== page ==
Polish Lowland Sheepdog Information



Wilshy Kennel







Chronic Diarrhea
Written by:
Linda Aronson, DVM



Recently, I seem to be hearing about a lot of dogs with chronic small intestinal diarrhea.  This generally results in loss of protein and other essential nutrients (particularly cobalamin, Vitamin B12) from the body, which in and of itself is debilitating.  Finding the cause of the diarrhea and treating it must be our first goal, but this is not always easy.  Some rule outs include: right sided congestive heart failure; lymphosarcoma and other gastrointestinal neoplasias; acquired secondary intestinal lymphangectasia; constrictive pericarditis; chronic intussusception or foreign body; infectious disease – bacterial, parasitic, protozoal, viral or fungal; granulomatous disease; hemorrhagic gastroenteritis; gastroesophageal ulceration; systemic lupus erythematosus; Addison’s disease (hypoadrenocorticism); food allergy; and inflammatory bowel disease IBD).  Let us consider the last two causes. 

It seems like more and more dogs are diagnosed with IBD based purely on finding lymphocytes, plasma cells and/or eosinophils on intestinal biopsy.  However, the gut is the largest immune organ in the body.  It has to deal with large numbers and varieties of foods, bacteria, parasites and other potential antigens every day.  Immune response - increased numbers of these cell types - should therefore be expected and is not diagnostic.  IBD is primarily a disease of middle aged or older dogs, and is rarely seen in young animals.  Before jumping the gun to reach this diagnosis, other causes of chronic diarrhea must first be excluded.  In young dogs infectious disease would be the easiest to rule in or out.  Once these have been excluded, the daunting challenge of food trials is next on the agenda.  These are rarely conducted correctly.  Blood and skin tests are not appropriate for diagnosing food allergy. 

A food trial requires at least 6 to 8 weeks.  It takes at least two to three weeks for the body to remove old antigens and even longer to resolve the inflammatory lesions they caused.  Choosing an appropriate diet for the food trial is a huge stumbling block.  Over the counter and home made diets may contain a wide variety of proteins and finding something truly novel especially in an OTC diet may be a challenge.  Recently, many vets have recommended hydrolyzed diets in which the proteins are broken down into shorter and less complex molecules.  The idea that these are less likely to cause allergy is, however, erroneous.  In humans they have proven more antigenic and resulted in anaphylactic and other hypersensitivity reactions.  Hydrolyzation also changes the osmolarity of the diets, and this in turn can cause rather than resolve diarrhea.  The original protein from which the diets are hydrolyzed will continue to cause allergic reaction in at least 20% of patients too.  Hydrolyzed diets may be appropriate, at least initially, for treating dogs with true IBD.  In some cases of IBD dogs will only tolerate diets composed of individual amino acids.  Once a novel protein based diet has been selected it should be fed exclusively for the course of the trial.  The dog may receive no other treats or foods.  If the diarrhea resolves, optimally the dog is challenged with the suspected allergen to see if the symptoms return.  Many owners are understandably reluctant to challenge their dogs and risk a return of the dreaded squirts.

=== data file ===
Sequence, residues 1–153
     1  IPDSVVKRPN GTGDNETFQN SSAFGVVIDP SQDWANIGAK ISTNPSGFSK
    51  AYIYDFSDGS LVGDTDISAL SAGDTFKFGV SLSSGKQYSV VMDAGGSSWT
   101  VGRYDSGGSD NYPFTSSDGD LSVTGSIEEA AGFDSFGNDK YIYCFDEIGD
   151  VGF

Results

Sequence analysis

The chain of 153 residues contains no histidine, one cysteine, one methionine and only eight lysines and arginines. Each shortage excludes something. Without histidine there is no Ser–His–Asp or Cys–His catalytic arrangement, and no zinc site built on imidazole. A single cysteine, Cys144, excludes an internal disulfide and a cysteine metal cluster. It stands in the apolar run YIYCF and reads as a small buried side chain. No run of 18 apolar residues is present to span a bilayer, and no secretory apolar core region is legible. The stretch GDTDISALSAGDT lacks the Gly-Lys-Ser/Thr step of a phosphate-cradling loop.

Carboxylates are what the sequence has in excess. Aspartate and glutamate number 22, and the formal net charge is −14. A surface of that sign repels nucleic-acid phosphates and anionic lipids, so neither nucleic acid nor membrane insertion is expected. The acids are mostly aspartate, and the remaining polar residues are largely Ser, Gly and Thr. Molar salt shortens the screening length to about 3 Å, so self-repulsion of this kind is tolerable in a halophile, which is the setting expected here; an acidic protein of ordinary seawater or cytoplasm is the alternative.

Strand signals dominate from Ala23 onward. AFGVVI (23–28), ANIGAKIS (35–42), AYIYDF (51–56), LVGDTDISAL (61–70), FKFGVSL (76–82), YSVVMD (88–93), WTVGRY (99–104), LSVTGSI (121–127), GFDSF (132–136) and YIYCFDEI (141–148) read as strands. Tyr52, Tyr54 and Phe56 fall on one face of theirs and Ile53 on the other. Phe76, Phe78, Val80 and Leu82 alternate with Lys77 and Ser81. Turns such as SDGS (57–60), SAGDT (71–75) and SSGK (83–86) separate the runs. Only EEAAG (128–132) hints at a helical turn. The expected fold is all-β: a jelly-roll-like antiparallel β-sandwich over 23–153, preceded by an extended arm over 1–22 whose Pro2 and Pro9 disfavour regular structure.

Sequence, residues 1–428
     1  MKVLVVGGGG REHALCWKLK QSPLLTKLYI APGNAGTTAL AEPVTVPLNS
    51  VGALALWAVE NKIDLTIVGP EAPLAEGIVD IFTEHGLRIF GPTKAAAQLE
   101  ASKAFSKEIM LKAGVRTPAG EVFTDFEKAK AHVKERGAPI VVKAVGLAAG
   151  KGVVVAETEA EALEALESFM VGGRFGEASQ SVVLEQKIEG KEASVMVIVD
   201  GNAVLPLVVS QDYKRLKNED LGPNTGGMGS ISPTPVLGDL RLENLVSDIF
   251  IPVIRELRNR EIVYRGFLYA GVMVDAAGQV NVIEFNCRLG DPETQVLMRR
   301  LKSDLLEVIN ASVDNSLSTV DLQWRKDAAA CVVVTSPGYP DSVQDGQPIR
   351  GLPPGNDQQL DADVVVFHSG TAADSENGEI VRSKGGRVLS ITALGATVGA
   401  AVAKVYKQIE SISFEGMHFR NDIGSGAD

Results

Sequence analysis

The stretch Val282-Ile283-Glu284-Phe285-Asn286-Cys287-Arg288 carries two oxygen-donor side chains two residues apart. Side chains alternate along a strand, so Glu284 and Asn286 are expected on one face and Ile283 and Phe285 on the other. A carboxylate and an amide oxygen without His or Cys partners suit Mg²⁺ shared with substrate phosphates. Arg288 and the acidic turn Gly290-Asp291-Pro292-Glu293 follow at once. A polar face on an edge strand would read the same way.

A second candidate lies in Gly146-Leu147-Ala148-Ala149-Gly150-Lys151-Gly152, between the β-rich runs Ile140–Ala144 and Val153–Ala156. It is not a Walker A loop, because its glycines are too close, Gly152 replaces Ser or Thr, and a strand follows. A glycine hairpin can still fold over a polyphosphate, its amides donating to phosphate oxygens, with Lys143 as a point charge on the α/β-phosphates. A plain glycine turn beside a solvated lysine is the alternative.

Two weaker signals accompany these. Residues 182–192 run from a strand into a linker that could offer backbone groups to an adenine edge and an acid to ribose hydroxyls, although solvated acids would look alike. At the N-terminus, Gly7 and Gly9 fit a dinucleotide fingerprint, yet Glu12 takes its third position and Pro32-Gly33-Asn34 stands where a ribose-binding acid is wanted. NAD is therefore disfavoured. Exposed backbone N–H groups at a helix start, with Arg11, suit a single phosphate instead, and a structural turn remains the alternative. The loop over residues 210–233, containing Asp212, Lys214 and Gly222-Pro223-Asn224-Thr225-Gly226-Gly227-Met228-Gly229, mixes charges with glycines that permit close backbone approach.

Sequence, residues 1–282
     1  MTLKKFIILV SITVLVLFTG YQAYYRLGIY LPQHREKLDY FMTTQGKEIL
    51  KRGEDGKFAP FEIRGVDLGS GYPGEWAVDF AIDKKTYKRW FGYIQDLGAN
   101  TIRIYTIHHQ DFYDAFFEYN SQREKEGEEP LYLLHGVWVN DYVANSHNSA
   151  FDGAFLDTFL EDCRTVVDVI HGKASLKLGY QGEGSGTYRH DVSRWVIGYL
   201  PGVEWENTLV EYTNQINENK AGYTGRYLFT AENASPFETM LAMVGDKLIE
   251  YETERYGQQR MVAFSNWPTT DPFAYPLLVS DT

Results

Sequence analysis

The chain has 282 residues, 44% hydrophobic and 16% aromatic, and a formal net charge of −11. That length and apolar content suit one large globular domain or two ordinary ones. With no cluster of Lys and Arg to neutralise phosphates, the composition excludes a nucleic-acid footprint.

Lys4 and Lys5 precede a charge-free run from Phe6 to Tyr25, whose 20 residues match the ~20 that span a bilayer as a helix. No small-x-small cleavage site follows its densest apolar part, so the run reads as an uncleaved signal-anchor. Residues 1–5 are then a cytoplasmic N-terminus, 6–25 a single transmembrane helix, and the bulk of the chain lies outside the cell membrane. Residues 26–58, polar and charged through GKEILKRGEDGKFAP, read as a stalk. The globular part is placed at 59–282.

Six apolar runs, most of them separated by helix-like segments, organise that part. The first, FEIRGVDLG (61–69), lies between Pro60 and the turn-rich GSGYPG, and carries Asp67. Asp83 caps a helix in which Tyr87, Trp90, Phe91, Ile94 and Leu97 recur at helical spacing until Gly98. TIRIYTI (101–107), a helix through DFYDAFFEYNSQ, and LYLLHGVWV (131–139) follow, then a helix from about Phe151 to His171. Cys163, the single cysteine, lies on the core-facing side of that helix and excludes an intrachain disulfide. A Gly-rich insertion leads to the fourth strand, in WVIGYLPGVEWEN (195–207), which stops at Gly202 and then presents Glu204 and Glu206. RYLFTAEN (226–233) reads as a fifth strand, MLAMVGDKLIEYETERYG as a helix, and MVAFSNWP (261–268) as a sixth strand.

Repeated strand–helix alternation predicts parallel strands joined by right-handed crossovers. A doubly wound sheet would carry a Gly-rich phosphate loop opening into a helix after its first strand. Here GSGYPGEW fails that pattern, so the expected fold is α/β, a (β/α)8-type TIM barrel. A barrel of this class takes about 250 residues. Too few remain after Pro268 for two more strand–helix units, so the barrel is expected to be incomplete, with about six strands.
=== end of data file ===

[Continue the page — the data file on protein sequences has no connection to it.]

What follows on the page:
If the dog has food allergies, ingredients can be gradually added back into the diet – one every 2 weeks - to find what can be safely fed.  Most dogs with food allergies can tolerate moderate to high levels of fat in their diets.  Dogs with IBD require low fat diets.  Unfortunately, most commercial diets with ultra-low fat levels are high in dietary fiber – which will reduce absorption of protein.  Dogs with IBD may require routine injections of Vitamin B12 as it is not being produced by their own bacterial flora.  They may also be prone to bacterial over-growth in the gut and require periodic antibiotic treatment (tylosin, tetracyclines or metronidazole are the most frequently prescribed drugs for this purpose).  Supplementing with a good probiotic is also helpful in avoiding a return of the diarrhea.  Unlike other diseases, food allergies and IBD can’t be treated only managed.

Diarrhea is something virtually every dog owner will have to deal with from time to time.  It is never pleasant.  Fortunately, most causes of diarrhea are treatable and life goes on.  For some dogs and their owners treating and avoiding the condition is a life-long struggle.
Wishing you and all your Beardies a Happy and Healthy Holiday Season on behalf of myself and the rest of the Health Committee.

A big thank you to Linda Aronson, DVM for the use of this article.